Iran’s attack on two US military bases in Iraq last month were promoted as the beginning of a series of attacks that will eventually drive the US out of the Middle East. Iran and its regional proxies promised that those attacks were the first round.
However, almost a month later, the Iranian regime and its proxies seem to be still figuring out how to retaliate without risking a direct conflict with the US.
As we speak, there are probably a number of generals in Tehran thinking of the next steps, but one thing is clear: the Trump administration has drawn a very clear line in the sand by killing Qassem Soleimani, and this line will probably not be crossed again. In other words, an Iranian retaliation that would harm any American – citizen or official – could lead to a more damaging retaliation by the US.
So what can the Iranian regime do? The people in Iran, Iraq and Lebanon – who have been protesting against the Iranian regime and its toxic regional influence for months - did not really buy the rhetoric that Iran has caused the US serious damage by attacking the Iraqi military bases. To save face, Iran will have to do something. So what are its options?
Despite numerous statements from the highest-ranking leaders across the region – including Ali Khamenei and Hassan Nasrallah – indicating the darkest scenarios for the US and its troops in the region, the much anticipated attack did not result in any casualties, American or Iraqi. If anything, this is an indication that the Iranian regime is stumbling.
Iran’s retaliation was a weak and calculated one, accompanied with lots of bravado and victorious rhetoric. Iran – at the end of the day – has lost its most significant military commander and the architect of its influence in the region. That man will not be easily replaced.
The Iranian regime’s main concern will be replacing Soleimani, not as a man but as the glue that kept all his militias in the region organized and structured. That will require major effort. The regime will not be looking at just another commander to replace Soleimani, but at a new strategy to keep the structure from falling.
Lebanese Hezbollah might be given a bigger role in the region, and Hezbollah’s elite forces might have to be further stretched out to ensure their militias in the four countries – Lebanon, Syria, Iraq and Yemen, are well bonded and the central command structure does not falter.
Iran will also work to strengthen its anti-America rhetoric with the states it controls. The Iraqi and Lebanese governments will be pressured to adopt a more Iran-friendly attitude and decisions, and in contrast, a more aggressive rhetoric against the US.
But most significantly, Iran will move vehemently to consolidate its power within Lebanon and Iraq. Since a military retaliation is not an option, due to all the risks it entails, Iran will move to take over Iraq and put Lebanon deeper in its pockets. Last week, Lebanon formed its new government – headed by PM Hassan Diab – but made-up of representative of Hezbollah’s allies in the political class. For the first time in Lebanon’s history, Iran today controls the entirety of Lebanon’s government, which would give Hezbollah more access within state institutions.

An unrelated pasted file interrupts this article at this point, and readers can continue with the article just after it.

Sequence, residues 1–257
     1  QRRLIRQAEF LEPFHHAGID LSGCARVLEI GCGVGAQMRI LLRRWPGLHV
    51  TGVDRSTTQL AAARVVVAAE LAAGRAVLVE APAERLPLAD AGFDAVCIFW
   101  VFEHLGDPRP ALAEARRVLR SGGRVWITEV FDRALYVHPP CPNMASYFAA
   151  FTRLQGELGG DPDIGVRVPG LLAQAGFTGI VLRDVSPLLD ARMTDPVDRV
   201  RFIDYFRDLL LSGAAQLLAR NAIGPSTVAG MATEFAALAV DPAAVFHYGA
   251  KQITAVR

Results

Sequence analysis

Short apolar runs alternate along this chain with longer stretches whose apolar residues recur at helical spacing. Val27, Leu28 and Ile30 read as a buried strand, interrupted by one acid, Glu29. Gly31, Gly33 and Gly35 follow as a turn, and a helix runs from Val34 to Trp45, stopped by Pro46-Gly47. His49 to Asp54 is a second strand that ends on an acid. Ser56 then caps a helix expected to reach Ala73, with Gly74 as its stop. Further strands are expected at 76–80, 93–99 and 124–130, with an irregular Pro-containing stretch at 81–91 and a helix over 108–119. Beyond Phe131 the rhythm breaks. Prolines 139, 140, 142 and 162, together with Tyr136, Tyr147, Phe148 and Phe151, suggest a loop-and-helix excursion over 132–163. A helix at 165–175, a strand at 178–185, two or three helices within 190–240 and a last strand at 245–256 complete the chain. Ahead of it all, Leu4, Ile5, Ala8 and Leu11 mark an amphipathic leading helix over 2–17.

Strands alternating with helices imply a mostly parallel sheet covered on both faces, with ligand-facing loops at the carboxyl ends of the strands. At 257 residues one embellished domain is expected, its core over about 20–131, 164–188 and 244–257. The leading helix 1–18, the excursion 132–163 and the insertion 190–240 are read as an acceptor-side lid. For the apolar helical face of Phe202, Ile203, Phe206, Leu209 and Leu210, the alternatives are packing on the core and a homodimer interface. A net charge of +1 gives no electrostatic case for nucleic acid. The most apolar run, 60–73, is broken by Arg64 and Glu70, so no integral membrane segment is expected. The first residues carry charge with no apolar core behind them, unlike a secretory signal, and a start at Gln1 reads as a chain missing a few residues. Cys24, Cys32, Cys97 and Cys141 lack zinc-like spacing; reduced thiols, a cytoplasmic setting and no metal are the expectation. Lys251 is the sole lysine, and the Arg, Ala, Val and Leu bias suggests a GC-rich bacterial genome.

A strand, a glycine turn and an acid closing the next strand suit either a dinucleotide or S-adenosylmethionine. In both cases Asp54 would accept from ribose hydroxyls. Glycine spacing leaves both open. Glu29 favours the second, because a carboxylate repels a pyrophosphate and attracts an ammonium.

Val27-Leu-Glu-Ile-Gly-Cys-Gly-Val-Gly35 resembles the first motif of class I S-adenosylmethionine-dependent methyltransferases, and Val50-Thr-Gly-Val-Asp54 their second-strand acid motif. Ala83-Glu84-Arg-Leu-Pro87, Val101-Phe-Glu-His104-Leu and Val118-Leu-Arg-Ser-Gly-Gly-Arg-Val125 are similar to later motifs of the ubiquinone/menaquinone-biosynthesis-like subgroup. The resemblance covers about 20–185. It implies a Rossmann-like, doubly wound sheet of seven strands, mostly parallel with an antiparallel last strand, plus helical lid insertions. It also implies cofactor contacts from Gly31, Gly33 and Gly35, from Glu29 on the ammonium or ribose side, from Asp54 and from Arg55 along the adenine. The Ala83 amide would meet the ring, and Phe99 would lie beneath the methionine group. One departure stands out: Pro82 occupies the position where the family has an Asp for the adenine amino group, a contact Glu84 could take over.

In Iraq, Iran seems to be moving in the same direction as the choice of the next Prime Minister will determine how much Iran can access Iraq’s state institutions, knowing how significant Iraq is for both the Islamic Revolutionary Guard Corps and Hezbollah’s financial system.
Of course, these moves have already been challenged by the wide-ranging protests in Lebanon and Iraq, and that’s why Soleimani had been traveling between Beirut and Baghdad. To advance its sway within Iraq and Lebanon, Iran might have to apply more violent methods against these protests. Many of these methods will backfire in terms of Iran losing more of its popular base among the Lebanese and Iraqi people, but mainly within the Shia constituencies in these two countries.
Today, the Iranian regime has realized two things: first, that they can no longer hide behind Arab Shia but will be directly targeted if they threaten the US via regional militias; and second, that the US’s deterrence in the region has dramatically increased and strengthened.
January 2020 must have been a very difficult month for the leaders of the Islamic revolution. Their muted retaliation most probably will not bring about further US military attacks on Iran and its proxies. However, it might increase the US policy of “maximum pressure” against the regime through sanctions and diplomacy. In any case, one thing was clear to the regime when the news of Soleimani’s assassination reached them: that killing an American – a soldier, a citizen or a public servant -- is a very hard red line that cannot be crossed without an unbearably heavy cost.
Hanin Ghaddar is the inaugural Friedmann Visiting Fellow at The Washington Institute's Geduld Program on Arab Politics, where she focuses on Shia politics throughout the Levant. She tweets @haningdr.